Summary: Conrad Paulson lives a secret double-life as master thief Redmond. There is nothing he can’t steal, nothing he can’t have… except for the life he left behind. Now with a grown son he hardly knows, and an ex-wife he never stopped loving, Conrad must try to piece together what’s left of his life, before the FBI finally catch up to him… but it appears they are the least of his worries. Collects Thief of Thieves #1-7.
Thief of Thieves, vol. 1, by Robert Kirkman, Nick Spencer, Shawn Martinbrough and Felix Serrano 7.5
‘Thief of Thieves’ is a monthly comic created by Robert Kirkman, of ‘The Walking Dead’ fame. I had enjoyed the first few issues of ‘The Walking Dead’, but soon found that it tailspinned into melodrama, with one contrivance following the other. Fresh at first, I soon tired of the formula.
His new creation, which is written by Nick Spencer, is not nearly as original as the former, but it holds up a little better. While it is slightly more twisty than I would have liked, it sets up its characters extremely well, providing us concurrently with enough background and foreground to introduce us properly.
The lead character is Redmond, a master thief who is considered the best in the world. The FBI is breathing down his neck, but he has built enough of a buffer around him to give him plausible deniability. He also has a stellar partner and surrounds himself with the best, so he can be guaranteed to do his work unfettered.
Unfortunately, it’s his personal life that’s causing him grief. His relationship with his ex, and former partner in crime, is poisonous: she has begged him to quit the game and now can’t stand his presence – yet he still loves her. Meanwhile, their son has decided to walk into his father’s footsteps, but without any inherited wisdom and skill.
Desperate, Redmond may just have to put everything on the line to pick up the pieces of his crumbling life.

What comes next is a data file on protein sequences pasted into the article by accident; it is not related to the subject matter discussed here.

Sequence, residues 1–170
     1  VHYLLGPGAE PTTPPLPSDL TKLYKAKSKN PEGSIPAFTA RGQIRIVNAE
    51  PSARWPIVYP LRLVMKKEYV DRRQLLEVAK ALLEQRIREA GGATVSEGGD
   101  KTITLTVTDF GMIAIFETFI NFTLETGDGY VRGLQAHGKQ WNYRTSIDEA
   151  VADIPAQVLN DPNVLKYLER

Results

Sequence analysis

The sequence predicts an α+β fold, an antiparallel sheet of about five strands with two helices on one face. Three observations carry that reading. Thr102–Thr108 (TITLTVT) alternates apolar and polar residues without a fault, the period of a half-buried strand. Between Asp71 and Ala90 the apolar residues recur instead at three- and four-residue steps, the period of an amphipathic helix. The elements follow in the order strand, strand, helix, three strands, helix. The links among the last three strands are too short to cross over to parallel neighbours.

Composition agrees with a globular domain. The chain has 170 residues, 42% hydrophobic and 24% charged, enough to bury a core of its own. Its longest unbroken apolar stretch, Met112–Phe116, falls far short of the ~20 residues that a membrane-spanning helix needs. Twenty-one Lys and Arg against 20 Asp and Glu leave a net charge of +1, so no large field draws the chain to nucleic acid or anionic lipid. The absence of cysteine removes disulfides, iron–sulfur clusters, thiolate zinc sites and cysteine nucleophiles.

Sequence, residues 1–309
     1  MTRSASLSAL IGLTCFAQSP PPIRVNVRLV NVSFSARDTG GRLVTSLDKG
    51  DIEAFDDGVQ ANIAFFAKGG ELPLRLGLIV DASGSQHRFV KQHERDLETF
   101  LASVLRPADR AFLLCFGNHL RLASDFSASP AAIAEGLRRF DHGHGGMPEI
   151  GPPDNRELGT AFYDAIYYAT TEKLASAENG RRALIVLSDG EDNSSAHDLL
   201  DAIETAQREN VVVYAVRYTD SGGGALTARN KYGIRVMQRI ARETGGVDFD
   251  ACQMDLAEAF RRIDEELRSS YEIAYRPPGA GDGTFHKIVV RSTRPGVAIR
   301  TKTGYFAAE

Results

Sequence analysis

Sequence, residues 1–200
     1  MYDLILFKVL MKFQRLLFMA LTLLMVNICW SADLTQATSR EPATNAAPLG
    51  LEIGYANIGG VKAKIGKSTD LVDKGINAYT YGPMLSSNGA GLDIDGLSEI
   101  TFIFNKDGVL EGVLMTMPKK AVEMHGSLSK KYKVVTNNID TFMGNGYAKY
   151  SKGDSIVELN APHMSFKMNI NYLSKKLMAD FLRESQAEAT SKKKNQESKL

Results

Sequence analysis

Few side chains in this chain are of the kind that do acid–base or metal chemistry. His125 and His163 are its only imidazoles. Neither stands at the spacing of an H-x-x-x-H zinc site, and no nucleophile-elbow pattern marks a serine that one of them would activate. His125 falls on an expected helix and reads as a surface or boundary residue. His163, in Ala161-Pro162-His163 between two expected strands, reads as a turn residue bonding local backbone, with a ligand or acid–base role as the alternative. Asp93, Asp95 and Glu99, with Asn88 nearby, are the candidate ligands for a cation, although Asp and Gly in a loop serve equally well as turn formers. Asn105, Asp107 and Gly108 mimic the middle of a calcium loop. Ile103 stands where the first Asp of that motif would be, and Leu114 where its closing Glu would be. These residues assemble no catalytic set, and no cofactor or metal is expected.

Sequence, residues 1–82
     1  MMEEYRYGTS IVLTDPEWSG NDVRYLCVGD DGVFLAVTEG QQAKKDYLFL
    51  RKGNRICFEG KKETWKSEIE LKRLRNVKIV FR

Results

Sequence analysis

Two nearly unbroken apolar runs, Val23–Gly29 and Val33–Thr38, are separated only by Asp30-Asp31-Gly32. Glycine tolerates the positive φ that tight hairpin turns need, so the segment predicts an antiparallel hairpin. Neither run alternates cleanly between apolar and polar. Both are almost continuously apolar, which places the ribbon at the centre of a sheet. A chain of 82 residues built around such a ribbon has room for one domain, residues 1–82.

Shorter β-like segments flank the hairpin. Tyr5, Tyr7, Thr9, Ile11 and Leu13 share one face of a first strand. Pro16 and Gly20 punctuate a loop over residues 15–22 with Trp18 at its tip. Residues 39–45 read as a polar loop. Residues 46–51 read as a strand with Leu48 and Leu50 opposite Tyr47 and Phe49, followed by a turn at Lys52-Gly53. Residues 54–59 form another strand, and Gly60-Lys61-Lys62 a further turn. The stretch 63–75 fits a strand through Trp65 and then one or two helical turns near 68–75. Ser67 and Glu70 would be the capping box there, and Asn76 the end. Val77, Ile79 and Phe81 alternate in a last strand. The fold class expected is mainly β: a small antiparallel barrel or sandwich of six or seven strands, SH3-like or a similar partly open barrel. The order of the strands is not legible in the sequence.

The writing was fairly solid. In some ways, the book reminded me of ‘Human Target‘, but not as outlandish and not nearly as much fun. It felt like it took itself seriously enough to be level-headed, but not serious enough to keep from crossing a few lines along the way, making it this short of believable. It still reads well, however.
The art, while not entirely stellar, has a pleasant, clean style to it that works for the genre – it’s slick, vibrant and pops just enough. The inking probably helps, even though I’m not a huge fan of it: it’s jet black, with thick lines framing much of the art. The storytelling is totally on the mark, but it’s simplistic, focusing mostly on wide panels and little else.
‘Thief o Thieves’ has been slated for development by AMC, the same company that has put together the TV version of ‘The Walking Dead’. It may make for a decent show, and this is a fine comic by any standard, but it would have to delve deeper into the characters’ emotional core and avoid pelting twists at us to totally reel me in.; I want substance, not artifice.
There are plenty of crime books filled with non-stop action and twists, a different approach would be welcome here.